This is a series of short stories, some previously published in other sources. They may belie this by each having a few similar sentences to establish Socrates situation at the outset, but they all entwine and work beautifully as a chronological cycle of tales too. Socrates is a classic hard man with a soft centre, a good friend to those who know him well and a sympathetic hero with real depth. Absolutely fantastic.
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By A Customer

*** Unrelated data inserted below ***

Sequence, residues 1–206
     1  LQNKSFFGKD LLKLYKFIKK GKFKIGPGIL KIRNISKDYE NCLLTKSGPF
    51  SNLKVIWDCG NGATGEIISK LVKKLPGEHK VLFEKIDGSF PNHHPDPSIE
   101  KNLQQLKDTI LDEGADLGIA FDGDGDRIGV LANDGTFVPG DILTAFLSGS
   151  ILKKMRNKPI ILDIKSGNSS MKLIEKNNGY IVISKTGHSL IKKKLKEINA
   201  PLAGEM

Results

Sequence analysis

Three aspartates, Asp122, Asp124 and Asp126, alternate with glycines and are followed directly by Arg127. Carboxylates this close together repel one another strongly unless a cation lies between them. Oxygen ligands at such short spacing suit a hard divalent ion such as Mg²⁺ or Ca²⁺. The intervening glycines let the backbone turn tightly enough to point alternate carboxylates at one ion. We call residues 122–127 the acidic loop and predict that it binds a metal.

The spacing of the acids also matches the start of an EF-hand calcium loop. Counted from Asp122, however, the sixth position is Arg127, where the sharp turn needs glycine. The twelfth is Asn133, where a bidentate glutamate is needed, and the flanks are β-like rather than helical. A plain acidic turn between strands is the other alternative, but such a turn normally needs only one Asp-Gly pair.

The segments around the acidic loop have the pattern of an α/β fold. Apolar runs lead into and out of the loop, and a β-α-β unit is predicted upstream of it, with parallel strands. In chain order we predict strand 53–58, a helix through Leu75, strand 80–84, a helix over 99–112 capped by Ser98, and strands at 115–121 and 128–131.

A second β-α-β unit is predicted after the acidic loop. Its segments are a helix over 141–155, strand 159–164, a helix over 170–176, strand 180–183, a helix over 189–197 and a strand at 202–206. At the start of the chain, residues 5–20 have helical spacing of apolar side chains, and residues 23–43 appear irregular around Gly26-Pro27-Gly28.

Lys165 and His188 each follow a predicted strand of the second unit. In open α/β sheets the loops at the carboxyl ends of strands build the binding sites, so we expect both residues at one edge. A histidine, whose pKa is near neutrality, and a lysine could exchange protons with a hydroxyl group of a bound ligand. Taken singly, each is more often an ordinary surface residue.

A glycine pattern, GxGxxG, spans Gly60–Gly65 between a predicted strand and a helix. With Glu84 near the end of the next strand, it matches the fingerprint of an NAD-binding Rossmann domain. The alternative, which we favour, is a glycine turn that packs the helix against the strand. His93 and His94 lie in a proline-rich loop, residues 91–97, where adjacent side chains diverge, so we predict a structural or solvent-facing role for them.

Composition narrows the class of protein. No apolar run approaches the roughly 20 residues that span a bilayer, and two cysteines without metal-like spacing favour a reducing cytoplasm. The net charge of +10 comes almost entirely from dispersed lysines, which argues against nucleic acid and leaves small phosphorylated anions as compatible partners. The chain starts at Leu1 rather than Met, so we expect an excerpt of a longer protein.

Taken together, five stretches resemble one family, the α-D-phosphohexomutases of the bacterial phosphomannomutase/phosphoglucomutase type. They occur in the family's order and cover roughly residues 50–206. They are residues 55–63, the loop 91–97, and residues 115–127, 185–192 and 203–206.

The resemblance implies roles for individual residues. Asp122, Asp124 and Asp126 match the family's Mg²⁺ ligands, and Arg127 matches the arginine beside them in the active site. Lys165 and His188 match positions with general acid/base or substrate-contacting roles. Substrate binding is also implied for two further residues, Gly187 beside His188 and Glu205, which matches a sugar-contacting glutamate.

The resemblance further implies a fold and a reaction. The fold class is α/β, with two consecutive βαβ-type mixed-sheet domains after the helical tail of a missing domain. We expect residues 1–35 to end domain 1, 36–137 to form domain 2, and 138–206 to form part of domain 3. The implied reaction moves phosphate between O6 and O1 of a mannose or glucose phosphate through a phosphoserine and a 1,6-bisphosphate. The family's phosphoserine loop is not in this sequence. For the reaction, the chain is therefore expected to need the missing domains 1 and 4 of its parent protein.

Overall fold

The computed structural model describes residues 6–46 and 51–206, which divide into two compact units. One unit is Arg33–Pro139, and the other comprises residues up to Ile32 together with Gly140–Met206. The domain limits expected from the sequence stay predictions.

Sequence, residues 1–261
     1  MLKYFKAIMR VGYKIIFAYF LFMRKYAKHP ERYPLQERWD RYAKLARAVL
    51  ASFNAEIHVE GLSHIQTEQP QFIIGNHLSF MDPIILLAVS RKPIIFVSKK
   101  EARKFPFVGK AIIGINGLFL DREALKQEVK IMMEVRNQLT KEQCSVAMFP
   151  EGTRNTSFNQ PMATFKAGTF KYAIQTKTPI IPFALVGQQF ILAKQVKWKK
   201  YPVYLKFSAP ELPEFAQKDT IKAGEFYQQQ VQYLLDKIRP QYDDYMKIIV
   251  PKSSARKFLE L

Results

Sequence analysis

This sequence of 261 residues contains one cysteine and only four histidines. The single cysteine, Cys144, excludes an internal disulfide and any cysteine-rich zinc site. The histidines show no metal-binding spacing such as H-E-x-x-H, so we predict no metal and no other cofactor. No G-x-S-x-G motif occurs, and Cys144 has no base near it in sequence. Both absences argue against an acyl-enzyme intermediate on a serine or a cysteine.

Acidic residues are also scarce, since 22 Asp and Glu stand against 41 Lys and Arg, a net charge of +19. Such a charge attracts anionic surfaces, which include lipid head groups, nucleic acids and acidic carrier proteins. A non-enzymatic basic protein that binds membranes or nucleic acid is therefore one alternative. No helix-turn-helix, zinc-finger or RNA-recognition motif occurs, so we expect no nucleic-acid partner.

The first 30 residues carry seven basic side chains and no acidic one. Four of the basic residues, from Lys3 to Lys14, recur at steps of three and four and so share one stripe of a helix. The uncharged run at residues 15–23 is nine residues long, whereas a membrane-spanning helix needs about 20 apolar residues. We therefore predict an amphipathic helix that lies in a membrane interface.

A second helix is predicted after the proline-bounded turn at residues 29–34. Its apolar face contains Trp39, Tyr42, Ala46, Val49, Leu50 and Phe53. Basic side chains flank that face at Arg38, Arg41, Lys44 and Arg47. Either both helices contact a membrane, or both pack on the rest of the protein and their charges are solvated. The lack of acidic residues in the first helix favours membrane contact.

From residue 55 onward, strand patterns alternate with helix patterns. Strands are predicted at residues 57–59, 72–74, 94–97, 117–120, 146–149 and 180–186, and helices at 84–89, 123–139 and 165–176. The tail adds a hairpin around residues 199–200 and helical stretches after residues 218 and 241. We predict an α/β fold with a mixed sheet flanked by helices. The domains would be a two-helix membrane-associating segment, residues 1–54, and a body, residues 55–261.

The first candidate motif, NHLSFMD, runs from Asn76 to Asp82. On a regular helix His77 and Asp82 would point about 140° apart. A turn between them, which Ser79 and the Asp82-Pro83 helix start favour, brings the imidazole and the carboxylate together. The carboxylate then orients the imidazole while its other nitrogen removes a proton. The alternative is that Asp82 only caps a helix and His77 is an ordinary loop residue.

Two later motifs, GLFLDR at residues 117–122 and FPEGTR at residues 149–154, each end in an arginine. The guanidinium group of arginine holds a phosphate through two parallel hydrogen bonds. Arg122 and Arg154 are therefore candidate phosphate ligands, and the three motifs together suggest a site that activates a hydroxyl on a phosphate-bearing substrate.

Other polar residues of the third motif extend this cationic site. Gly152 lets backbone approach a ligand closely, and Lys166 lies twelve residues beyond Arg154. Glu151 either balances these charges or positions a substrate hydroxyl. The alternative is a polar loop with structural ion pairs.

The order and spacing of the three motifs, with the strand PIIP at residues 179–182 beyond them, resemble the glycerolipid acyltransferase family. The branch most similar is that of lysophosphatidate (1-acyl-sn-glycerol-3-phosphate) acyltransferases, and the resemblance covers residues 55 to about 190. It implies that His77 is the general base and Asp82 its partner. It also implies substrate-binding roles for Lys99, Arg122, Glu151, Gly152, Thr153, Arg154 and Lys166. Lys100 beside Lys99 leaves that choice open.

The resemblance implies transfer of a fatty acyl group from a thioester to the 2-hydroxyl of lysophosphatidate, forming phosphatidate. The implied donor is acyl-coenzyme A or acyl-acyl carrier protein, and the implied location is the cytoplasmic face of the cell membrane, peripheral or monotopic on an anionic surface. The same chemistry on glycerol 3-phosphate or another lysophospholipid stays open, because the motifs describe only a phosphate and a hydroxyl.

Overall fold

Having gone through everyhting Walter Mosely had written I found myself almost rebelling against other authors for not bringing characters to life in the same intimiate, violent and real fashion that Mosely does. I'm a huge fan, and friend, of Easy Rawlins. Was I going to have another soul mate in Scorates Fortlow? Socrates is likeable, although he doesn't like himself. What he needs is for people to acknowledge his presence on this earth and allow him to feel some dignity. Would Socrates and Easy have gotten along? Maybe, but I also think Easy would have felt the wrath of Socrates massive fists if he's stuck around too long also! Maybe someone should ask Mosely. A first class read and journey through L.A. from the uncomfortable side.